Maryknoll Office for Global Concerns

Representing Maryknoll Fathers & Brothers, Maryknoll Sisters, and Maryknoll Lay Missioners
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Exaltation of the Holy Cross

Sep 14, 2014
Numbers 21:4-9; Psalm 78:1-2, 34-35, 36-37, 38; Philippians 2:6-11; John 3:13-17
Prepared by:
Kathy McNeely

Kathy McNeely's reflection below is also found in A Maryknoll Liturgical Year -- Reflections on the Readings for Year A which she co-edited.

“… I will utter dark sayings from of old, things that we have heard and known, that our ancestors have told us.” Psalm 78: 2b-3a

We all have our stories. These stories are shaped by our cultural experience, by what our parents teach us and by the way we choose to respond to the world around us. While living and working in Guatemala among indigenous Qeqchi’ people the stories I heard came to mind as I read today’s readings for the celebration of the Exaltation of the Holy Cross.

Today’s scriptures paint a picture of just how powerful stories can be – not only individual stories but the stories that an entire culture embraces. In the reading from Numbers we encounter the story that the Israelites told themselves while wandering in the desert. It was a hopeless story, filled with doom and despair. They had forgotten just how horrible their lives were as slaves and demanded more comfort. They complained to Moses even about the manna that God gave them to survive: “Why have you brought us up out of Egypt to die in the wilderness? For there is no food and no water, and we detest this miserable food.” As the expression of their misery grew, so did their troubles, poisonous snakes bit people and left them to die. Through Moses, God invites the people to change their story from misery to gratitude, and in doing so, they are able to overcome their difficulties in the wilderness.

When I worked in San Luis, I met Norman, who lived with his wife Dalia and their three children in the neighborhood adjacent to mine. Norman asked me to come to his house the day his daughter Daisy was born. Dalia had never taken this long in labor with their other children. He worried that we might have to rush out to the clinic and he wanted me and the vehicle I drove nearby. While we were waiting, Norman gave his six-year-old son a bit of money and asked him to go and buy some bread. When his son left, Norman proudly said, “He’s a bright boy. You watch, he’s going to come back with bread.” Then Norman told me that that he himself was never very bright. He said that when he was a boy, his mother would give him money to go to the store for a spool of thread, but he would go and come back with nothing because he would forget what his mother told him to buy.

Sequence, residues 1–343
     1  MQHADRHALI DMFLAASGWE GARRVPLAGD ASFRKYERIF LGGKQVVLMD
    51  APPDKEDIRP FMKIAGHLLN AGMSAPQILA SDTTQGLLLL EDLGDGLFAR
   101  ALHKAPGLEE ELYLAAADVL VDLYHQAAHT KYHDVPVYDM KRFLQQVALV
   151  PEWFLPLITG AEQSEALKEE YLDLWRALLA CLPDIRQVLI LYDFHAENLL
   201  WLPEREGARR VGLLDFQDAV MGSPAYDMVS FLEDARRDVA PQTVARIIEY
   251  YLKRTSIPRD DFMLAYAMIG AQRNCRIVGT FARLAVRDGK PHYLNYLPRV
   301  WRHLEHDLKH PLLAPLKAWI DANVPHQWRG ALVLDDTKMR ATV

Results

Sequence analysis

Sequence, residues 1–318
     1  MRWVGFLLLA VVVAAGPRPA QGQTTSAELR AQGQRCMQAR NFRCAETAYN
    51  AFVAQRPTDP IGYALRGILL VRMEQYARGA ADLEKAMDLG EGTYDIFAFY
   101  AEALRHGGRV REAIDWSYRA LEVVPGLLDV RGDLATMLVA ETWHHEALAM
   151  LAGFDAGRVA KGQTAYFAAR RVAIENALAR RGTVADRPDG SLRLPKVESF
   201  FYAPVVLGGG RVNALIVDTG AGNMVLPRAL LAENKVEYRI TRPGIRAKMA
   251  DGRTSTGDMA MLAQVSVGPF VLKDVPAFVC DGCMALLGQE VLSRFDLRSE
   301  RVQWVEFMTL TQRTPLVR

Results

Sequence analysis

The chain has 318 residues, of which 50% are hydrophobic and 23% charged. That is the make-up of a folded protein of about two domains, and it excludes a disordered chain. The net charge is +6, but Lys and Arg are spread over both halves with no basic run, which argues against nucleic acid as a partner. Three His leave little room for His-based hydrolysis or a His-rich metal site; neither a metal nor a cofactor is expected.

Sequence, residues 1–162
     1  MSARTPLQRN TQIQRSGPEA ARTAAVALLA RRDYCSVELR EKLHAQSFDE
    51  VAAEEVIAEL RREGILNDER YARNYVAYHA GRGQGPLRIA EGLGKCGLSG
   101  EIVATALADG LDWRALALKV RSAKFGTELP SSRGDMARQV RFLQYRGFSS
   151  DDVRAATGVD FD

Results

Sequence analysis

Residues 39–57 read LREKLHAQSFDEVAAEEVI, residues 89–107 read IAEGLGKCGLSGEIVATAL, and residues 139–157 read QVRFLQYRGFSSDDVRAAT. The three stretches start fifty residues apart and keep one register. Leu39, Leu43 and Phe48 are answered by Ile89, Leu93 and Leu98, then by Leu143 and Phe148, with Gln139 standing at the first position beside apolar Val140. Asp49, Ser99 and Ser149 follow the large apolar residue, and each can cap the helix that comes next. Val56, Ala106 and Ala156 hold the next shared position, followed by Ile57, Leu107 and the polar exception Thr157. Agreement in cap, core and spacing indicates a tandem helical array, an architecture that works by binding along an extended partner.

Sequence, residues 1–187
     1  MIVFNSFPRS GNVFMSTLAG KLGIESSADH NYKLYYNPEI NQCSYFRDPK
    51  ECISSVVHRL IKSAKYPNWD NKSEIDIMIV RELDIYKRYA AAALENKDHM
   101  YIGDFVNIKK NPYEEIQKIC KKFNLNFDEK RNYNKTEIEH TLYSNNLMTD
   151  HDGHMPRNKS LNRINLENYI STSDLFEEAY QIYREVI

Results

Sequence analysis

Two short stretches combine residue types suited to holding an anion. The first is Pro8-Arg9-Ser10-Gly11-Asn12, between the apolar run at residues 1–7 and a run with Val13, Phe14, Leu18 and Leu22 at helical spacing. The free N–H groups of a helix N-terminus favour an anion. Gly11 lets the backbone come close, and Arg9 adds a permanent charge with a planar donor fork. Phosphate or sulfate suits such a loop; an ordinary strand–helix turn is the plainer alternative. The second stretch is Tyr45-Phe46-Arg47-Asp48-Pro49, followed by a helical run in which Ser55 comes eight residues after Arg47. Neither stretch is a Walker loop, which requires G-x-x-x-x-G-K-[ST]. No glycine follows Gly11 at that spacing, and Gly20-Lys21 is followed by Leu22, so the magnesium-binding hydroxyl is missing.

This was Norman’s story – a story of defeat, a story that indicated that Norman was just did not measure up to others’ expectations. His story was quite different from my experience of Norman. In community life he always had positive input that helped people make decisions, but since Norman didn’t really believe in himself, he prefaced that input with “some people say….” or some other indication that the thought he was contributing was not his own. In this way, he constantly reinforced his internal notion that he was not clever and his thoughts did not matter.